My larger dogs have routinely eaten raw meaty bones derived from lamb and beef, and if fed chicken, it has consisted of either the whole chicken – but mainly the chicken carcasses or frames. The chicken frame consists of the backbone and ribs and whatever else hangs off this part of the chicken – – after most of the flesh has been removed. In other words, these frames are mostly bone and cartilage with a little bit of flesh. These portions of chicken are never swallowed whole, they have to be chewed. Also, their low flesh to bone ratio and cartilage ratio make them ideal. We obtain these from places where they bone out the chicken. I do not know if parts like this are readily available in the US but I’m sure that if enough people asked they soon would be.

In my experience, these chicken frames are not the sort of food which will promote bloating. I conjecture or hypothesize so that this may be so because of their high bone and cartilage content, their need to be chewed and their texture or consistency in the stomach following being chewed.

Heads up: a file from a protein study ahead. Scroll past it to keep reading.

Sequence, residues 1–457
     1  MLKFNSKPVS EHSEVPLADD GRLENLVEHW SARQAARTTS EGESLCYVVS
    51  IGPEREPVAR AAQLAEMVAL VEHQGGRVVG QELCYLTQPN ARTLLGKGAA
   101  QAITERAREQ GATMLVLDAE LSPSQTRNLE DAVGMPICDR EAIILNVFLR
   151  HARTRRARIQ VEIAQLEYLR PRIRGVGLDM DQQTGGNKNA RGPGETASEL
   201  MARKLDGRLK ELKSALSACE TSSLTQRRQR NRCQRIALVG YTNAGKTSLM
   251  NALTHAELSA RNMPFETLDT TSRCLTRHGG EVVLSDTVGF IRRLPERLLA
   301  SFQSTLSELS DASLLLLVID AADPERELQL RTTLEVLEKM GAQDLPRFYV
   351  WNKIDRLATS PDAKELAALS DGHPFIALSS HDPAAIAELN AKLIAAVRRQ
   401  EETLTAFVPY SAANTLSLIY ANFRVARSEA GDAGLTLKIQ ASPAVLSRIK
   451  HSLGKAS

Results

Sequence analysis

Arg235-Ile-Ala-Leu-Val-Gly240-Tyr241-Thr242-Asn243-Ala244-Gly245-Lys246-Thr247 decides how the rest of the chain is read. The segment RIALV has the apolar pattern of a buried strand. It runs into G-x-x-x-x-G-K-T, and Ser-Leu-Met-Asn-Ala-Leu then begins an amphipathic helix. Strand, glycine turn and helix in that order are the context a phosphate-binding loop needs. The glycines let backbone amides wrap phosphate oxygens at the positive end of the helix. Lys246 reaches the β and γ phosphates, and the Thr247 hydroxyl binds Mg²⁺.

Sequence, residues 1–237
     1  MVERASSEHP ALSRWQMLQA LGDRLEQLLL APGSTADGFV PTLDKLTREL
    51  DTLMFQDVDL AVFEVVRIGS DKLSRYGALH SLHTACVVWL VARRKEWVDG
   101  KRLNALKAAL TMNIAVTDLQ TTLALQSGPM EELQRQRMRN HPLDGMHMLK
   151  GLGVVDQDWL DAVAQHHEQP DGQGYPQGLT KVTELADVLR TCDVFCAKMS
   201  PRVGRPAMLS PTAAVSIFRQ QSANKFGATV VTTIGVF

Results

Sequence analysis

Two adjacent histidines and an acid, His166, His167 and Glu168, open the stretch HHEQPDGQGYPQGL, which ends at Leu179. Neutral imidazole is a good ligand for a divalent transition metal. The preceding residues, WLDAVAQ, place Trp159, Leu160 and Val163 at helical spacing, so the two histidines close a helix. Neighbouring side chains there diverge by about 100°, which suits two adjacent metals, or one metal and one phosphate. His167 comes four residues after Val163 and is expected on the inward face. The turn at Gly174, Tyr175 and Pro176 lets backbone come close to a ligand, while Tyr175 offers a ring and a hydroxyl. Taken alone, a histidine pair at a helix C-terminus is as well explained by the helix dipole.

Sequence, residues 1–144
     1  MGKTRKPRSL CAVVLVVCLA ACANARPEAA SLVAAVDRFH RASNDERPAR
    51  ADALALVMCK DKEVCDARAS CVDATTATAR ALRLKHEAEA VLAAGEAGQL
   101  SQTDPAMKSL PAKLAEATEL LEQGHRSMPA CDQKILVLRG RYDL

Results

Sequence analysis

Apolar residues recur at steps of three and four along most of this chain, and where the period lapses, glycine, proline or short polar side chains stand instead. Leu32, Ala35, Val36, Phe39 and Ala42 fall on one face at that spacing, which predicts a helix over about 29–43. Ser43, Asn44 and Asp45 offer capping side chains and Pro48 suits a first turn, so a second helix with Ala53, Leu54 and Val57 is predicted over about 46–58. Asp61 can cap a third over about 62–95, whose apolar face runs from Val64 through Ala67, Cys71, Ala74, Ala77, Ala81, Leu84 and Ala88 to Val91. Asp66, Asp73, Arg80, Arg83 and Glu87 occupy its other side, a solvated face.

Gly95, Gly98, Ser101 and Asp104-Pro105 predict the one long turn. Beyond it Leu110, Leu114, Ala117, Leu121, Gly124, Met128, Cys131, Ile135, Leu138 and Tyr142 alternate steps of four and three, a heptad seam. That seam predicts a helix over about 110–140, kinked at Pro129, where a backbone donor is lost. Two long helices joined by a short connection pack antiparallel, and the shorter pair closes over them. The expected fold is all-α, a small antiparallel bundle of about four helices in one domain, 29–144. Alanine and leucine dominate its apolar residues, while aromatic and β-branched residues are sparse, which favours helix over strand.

Most of this has been covered in GYDAB, but may require some ferreting out, or careful reading or simply having caught the spirit of the book. If all that has been elusive, please note the following:
Firstly, let me refer you to page 153 of GYDAB where I mention that to large dogs we feed WHOLE chicken (and let me repeat, they absolutely have to chew these) With large breeds, we do feed the chicken wings and necks to the young puppies.

Also see the last paragraph p139 in this respect.

Most importantly, let me refer you to page 126 of GYDAB. If you read the first paragraph on this page you will notice it says a whole lot. As does the next one and the one after that. This is most important page, because although I refer to feeding things such as canned dog food or mince – the principles it speaks of apply very much to this situation involving large dogs and their tendency to bloat if fed incorrectly. In this case when fed food they have no chewed and which had the tendency to sit in the stomach as a large mass which promotes indigestion and possible bloat.

There is a whole lot more that could be said, but the above will do for starters. I trust this will assist. Obviously, I need to explain more clearly in GYDAB what should and should not be fed to large dogs, particularly those predisposed to bloat. My revised edition of the book will say a whole lot more about feeding chicken to large dogs, with probable reference to this particular case – so thank you and all the best.

I did not hear or see the segment by Dr. Zammit on Burke’s Back Yard, so I can not really comment.